Adjacent to the Duomo is the famed Galleria – lined with fashion brands such as Ferragamo, Swarosky, and Prada. The clothing styles in the shop windows seemed more subdued and less outlandish this year. Perhaps the pandemic affected the designers’ mindset. The shoes were cheaper, too. The men’s shoes were only €800 ($900). The last time I was here, they were around €2000 ($2250).
Even our visit to the storied Duomo appeared influenced by materialism. In order to enter, the cost was €5 per person, including adolescents. Thus, the cost for my family (and the boyfriend) was €25 ($30). I understand the need for maintenance and security, but charging to enter churches is not good evangelization. (To be fair, we did not have to pay to go to Mass, which we did, on the feast of St. Stephen.)
Despite all the secularism, I soon found a spiritual haven in the Church of St. Ambrose not far from our Airbnb. I got up early one morning and arrived just as the church was opening. I was the only person there. It was like a quiet oasis, devoid of the external hubbub of the city.
The church was built by St. Ambrose himself in an area where martyrs had been buried during the Roman persecutions. It was one of four he built in Milan to combat Arianism and bolster Nicene teaching. He filled the church with orthodox symbolism and imagery, still present in the stunning mosaics in the apse.
The remains of St. Ambrose can be visited in the crypt. He is lying elevated between two early martyrs, vested in the bishop’s miter. There is something powerful in sitting in the presence of one of the most influential bishops in the history of the Catholic Church. A peace emanated from his relics and from the basilica at large, and I returned several times during my stay in Milan.
The next morning, I attended a daily Mass at the Basilica of San Lorenzo Maggiore. It appeared identical to the ordinary Roman rite until the Gospel reading. Only then did I realize the priest was celebrating according to the Ambrosian Rite. The Nicene Creed was said after the Alleluia and before the Gospel was read.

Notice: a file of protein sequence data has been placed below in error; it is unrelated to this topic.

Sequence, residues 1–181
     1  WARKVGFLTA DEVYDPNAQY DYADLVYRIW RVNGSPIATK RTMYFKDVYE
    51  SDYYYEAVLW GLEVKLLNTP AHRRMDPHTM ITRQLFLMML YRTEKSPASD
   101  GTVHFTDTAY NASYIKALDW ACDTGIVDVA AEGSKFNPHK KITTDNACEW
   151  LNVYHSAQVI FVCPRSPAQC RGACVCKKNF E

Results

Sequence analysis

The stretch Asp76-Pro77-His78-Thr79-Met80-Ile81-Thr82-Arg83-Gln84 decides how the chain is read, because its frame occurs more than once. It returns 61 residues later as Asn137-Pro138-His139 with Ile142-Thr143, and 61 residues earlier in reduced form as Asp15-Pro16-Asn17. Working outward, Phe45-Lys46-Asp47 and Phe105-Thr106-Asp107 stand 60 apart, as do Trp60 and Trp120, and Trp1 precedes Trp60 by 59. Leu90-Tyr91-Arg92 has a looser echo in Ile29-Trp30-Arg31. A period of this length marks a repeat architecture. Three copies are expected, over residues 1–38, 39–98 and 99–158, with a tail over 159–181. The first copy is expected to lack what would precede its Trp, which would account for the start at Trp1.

The Sunday Mass we attended on St. Stephen’s feast was also celebrated according to the Ambrosian Rite. On the surface, it, too, appeared little different from the Roman rite. The Kyrie was chanted twice and the order of the Mass was slightly different. Not everyone knew when to stand or sit, as there were numerous tourists, particularly around the reading of the Gospel. The sign of peace took place earlier, the creed was read earlier, and the prayers of the faithful took place earlier.
After speaking with a priest, I understood that the differences are more pronounced once you get deeper into the Missal, which is unique and more closely aligned with the eastern rites. The Ambrosian Rite has its own songs and hymns, some written by St. Ambrose himself. It also has its own cycle of readings, prayers, sacramentary, and lectionary. This is owed to the greatness of St. Ambrose.
We came home from our short stay in Milan with more than we left. We not only had some shopping bags and unique museum ticket stubs, our family was drawn closer together. They came away happier, and so did I. We each grew in culture and spirituality and in our love for one another and our faith.